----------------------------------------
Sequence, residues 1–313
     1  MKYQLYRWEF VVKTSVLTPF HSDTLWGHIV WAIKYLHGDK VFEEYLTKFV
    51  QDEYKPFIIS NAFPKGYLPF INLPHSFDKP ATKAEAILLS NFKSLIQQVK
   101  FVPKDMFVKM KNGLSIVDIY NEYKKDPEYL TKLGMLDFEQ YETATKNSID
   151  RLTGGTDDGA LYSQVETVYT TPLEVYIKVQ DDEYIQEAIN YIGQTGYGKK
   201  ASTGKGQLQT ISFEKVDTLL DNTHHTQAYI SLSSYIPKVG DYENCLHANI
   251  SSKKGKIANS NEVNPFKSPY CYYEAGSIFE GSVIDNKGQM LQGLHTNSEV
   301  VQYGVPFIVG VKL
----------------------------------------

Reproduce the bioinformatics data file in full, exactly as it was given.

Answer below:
Sequence, residues 1–313
     1  MKYQLYRWEF VVKTSVLTPF HSDTLWGHIV WAIKYLHGDK VFEEYLTKFV
    51  QDEYKPFIIS NAFPKGYLPF INLPHSFDKP ATKAEAILLS NFKSLIQQVK
   101  FVPKDMFVKM KNGLSIVDIY NEYKKDPEYL TKLGMLDFEQ YETATKNSID
   151  RLTGGTDDGA LYSQVETVYT TPLEVYIKVQ DDEYIQEAIN YIGQTGYGKK
   201  ASTGKGQLQT ISFEKVDTLL DNTHHTQAYI SLSSYIPKVG DYENCLHANI
   251  SSKKGKIANS NEVNPFKSPY CYYEAGSIFE GSVIDNKGQM LQGLHTNSEV
   301  VQYGVPFIVG VKL